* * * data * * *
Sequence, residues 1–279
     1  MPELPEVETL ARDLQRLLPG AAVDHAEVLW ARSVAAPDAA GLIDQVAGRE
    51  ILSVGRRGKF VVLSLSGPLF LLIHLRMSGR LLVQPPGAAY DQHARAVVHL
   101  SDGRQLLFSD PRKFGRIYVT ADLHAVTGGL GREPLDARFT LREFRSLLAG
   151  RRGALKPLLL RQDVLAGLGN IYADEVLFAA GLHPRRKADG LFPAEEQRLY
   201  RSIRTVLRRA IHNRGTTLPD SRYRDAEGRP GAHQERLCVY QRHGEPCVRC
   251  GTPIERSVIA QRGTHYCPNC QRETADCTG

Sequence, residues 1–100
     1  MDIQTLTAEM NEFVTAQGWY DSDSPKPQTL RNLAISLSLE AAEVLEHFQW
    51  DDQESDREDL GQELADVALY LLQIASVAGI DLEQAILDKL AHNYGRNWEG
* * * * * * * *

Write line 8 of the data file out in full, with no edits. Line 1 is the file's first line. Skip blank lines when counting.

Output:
Sequence, residues 1–100